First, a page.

At 78, a `more sensitive' Paterno searches for winning combination


August 04, 2005|By Teddy Greenstein

CHICAGO - There was the simple answer, the type that will get airtime on the news.

So, a reporter asked Joe Paterno on Tuesday, when do you plan to follow Wisconsin's Barry Alvarez and retire from coaching?

"Barry said he knew when it was time," Paterno replied. "I don't know. I honestly wish I could tell you."

Then there was the complex answer, the one in which Paterno offered a true glimpse into his 78-year-old mind.

"If you said to me, take everything else out of my life - all the problems -and just concentrate [on football] ... I could coach 10 more years," he said. "But that's not the way it goes. I feel healthy. I love to coach. I like to get on the field. I enjoy being around the kids. I like all those things."

But he doesn't like losing.

"You get up in the morning and you go out and figure out how to win a game," he said. "That's the fun of it."

If he still were winning, Paterno would be celebrated for taking a Cal Ripken-esque approach. But four of his past five teams have had losing records, so Paterno has been called stubborn, if not selfish.

Forget about the 343 victories, which ranks fourth all time. Forget about the 14-6 record in New Year's Day bowls, the five perfect seasons. Why is the man who created Penn State football now ruining it?

But Paterno doesn't think in those terms. He simply loves his job too much to abandon it.

"When I get up in the morning and I get a pad and a pencil, I'm figuring out, `Maybe we ought to just put this guy here and put that guy there,'" he said. "I put a tape on and look at [first opponent] South Florida, and I'm seeing they're running the Utah offense. ... `What are we going to do? How are we going to address it?' Those things are fun for me."

And it's not as if his players want him to skip town. If they felt that way, the negative vibes would have prevented Penn State from landing two of the nation's top recruits, Derrick Williams and Justin King.

Asked how much longer Paterno can coach, Nittany Lions quarterback Michael Robinson replied: "I don't know. Hopefully he'll be recruiting my kids one day."

And forget about wondering how a man who's older than the Heisman Trophy can relate to the text-messaging youth of today.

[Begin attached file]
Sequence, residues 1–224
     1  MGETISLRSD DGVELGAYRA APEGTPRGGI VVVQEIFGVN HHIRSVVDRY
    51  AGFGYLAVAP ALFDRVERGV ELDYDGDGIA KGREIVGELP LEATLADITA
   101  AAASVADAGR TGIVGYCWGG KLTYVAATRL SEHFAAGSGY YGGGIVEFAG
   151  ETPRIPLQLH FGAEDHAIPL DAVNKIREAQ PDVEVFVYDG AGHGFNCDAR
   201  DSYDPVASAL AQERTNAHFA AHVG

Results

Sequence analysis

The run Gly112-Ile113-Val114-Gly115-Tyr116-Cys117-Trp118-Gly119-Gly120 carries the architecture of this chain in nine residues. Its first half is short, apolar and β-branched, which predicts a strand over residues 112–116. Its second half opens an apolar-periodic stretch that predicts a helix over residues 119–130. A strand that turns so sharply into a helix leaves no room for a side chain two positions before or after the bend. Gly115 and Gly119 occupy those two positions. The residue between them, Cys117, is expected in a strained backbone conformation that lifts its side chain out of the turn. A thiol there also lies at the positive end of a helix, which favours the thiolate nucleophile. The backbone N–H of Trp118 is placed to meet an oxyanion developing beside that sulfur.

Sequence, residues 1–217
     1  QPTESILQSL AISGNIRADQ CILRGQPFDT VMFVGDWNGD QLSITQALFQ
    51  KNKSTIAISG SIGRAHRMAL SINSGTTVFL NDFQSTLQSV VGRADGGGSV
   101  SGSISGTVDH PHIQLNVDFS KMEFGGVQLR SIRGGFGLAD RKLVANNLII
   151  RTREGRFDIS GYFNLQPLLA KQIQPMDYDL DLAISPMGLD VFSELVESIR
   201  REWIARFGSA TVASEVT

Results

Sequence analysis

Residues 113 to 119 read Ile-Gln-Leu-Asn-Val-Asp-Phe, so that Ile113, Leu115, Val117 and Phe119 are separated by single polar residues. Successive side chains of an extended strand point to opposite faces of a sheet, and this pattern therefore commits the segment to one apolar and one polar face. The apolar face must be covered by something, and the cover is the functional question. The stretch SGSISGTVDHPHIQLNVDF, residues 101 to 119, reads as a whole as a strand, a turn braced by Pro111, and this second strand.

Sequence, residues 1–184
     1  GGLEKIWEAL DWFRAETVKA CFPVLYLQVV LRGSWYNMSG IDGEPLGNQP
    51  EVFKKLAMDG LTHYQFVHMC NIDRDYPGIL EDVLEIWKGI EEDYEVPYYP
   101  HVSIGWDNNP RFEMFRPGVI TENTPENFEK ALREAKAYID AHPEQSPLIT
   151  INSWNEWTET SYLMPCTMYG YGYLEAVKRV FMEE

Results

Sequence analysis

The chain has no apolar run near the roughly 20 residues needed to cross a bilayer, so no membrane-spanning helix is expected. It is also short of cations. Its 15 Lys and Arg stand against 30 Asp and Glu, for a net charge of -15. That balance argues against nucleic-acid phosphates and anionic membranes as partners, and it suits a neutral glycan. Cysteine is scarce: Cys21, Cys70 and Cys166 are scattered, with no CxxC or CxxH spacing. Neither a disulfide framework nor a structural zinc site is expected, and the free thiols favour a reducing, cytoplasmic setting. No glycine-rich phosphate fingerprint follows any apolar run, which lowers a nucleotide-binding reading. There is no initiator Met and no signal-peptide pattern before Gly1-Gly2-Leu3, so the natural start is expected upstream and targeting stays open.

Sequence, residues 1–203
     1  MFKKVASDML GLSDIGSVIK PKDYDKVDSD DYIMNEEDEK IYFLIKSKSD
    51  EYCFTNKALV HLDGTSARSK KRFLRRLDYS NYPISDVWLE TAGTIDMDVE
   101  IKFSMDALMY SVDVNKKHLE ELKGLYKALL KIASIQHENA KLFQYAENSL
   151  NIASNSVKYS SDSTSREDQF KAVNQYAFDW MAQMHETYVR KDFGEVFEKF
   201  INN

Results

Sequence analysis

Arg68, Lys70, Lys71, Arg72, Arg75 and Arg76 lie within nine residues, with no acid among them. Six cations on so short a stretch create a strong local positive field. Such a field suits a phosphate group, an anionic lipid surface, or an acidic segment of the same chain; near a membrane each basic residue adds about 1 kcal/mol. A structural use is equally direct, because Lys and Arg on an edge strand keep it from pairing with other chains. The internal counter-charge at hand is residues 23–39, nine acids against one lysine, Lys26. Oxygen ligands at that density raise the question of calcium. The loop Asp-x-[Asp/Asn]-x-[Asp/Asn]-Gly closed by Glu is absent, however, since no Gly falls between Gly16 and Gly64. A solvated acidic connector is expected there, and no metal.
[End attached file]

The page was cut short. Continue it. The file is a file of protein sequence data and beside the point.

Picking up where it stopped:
"He doesn't have to relate to us," Robinson said. "He's a walking legend, and it's an honor to play for him."

In the past two years, Penn State has been dogged by a talent void and confusion over who calls the plays. The Nittany Lions' offense was the worst in the Big Ten last year, scoring fewer than 18 points a game. The leading receiver caught just 39 passes.

"I don't feel this program is `holy smokes, we're devastated,'" Paterno said. "I really don't. We just haven't had enough kids who can make plays."

And now they just might. Robinson finally will become a full-time quarterback. Williams was viewed widely as the top prospect in the nation, a wide receiver/return man who can cover 40 yards in 4.3 seconds. King, the nation's top-rated cornerback, is said to be just as fast.

After Paterno called both players "capable," he was told that in past years he wouldn't have even uttered the name of a freshman.

"You're absolutely right," the coach replied. "I wouldn't even talk to reporters."

But Paterno has softened on his theory that rookies should be invisible.

King and Williams are two of four first-year freshmen who have their pictures in the Penn State media guide. Perhaps that's because all four enrolled in school early.

"I tried to be a little bit more sensitive to the whole environment out there," Paterno said.

So a man can change, even one who's 16 months shy of his 80th birthday.

"You know, if they didn't have a calendar," Paterno said, "I wouldn't know how old I was."

Teddy Greenstein writes for the Chicago Tribune, a Tribune Publishing newspaper.

Baltimore Sun Articles
Please note the green-lined linked article text has been applied commercially without any involvement from our newsroom editors, reporters or any other editorial staff.